As soon as I got home I got in the CPM and did two hours on and two hour off till midnight.  My CPM is set for -5 to 90.  I plan to increase it by 5 degrees a day till I get to 110 which is the maximum for this unit.  I also did patella mobes through the dressing as best I could several times.  I also prayed and I prayed for Jim Mac and Katrn who also just had surgery.  Hope you don’t mind Jim and Katrn!  I have a great set up at home.  I am all on one floor so no stairs.  I have a mattress on the living room floor with my CPM there.  I have my cyro cuff there, a coffee table with a mattress on there for elevating the leg and to use for prone hangs and a wall right there for wall slides.  I have a bed pan so I don’t have to leave the area (laugh).  I have a lap top right here too.  I have a home e-stim unit to reduce swelling (Rehabilicare GV II).  I have no need  to go see any poorly informed (on arthrofibrosis rehab) or overly aggressive PTs nor do I have to deal with the hassle of getting there and the stress that put on the knee.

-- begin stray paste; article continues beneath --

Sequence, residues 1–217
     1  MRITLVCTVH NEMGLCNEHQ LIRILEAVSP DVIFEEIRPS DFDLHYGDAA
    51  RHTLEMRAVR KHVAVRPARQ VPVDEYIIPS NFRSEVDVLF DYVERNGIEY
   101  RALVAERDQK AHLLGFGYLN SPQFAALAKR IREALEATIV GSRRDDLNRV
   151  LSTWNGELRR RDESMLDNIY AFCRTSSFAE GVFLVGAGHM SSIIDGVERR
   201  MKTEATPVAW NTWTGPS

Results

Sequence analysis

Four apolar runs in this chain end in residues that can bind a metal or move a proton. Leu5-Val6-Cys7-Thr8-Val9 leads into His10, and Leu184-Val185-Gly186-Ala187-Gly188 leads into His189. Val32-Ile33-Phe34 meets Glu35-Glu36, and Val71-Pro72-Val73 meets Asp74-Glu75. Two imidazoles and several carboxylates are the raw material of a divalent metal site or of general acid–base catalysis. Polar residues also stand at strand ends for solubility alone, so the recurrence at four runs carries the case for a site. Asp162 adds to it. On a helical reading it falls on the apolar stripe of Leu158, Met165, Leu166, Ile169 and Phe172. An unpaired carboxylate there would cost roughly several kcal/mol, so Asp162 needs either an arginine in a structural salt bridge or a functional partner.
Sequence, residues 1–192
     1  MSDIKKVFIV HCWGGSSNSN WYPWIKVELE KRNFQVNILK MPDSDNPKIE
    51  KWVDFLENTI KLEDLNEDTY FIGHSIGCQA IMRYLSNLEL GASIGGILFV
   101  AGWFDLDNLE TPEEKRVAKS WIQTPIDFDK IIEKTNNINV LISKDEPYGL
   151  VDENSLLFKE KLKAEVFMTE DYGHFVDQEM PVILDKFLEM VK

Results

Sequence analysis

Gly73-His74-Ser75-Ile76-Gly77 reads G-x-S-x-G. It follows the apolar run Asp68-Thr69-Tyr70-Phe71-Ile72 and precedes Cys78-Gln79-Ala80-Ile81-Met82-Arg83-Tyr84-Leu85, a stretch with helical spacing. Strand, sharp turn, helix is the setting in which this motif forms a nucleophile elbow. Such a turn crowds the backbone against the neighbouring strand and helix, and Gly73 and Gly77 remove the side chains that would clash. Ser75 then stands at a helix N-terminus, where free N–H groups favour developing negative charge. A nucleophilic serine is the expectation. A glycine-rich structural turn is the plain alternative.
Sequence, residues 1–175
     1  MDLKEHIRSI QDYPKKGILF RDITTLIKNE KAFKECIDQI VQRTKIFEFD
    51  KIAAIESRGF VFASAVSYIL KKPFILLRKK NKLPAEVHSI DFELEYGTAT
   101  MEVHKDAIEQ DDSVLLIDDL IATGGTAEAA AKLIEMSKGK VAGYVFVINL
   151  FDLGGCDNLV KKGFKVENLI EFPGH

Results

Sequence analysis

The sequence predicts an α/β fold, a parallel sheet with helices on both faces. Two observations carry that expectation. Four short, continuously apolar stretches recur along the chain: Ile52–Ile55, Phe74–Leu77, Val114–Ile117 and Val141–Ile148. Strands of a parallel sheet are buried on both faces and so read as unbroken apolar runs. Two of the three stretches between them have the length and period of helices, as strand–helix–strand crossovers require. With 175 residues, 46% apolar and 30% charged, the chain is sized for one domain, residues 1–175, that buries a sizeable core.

My number one problem the first day is pain and this is not surprising.  Most patients stay over night and some even several days.  This allows the use of a spinal catheter for great pain control so they can do the CPM and PT.  I was discharged with just percoset.  When the anestisia wore off about 8 PM I was hurting pretty bad.  I upped the pecoset to 3 tablets every 3 hours.  I couldn’t sleep at all, but then suddenly at about 5 AM the pain was gone.  So I am now glad with the way we did it.  I am happy to be at home with my nice set up.  I hate hospitals and I am already over the big pain part so it worked out well.  Yet another great decision by this doctor.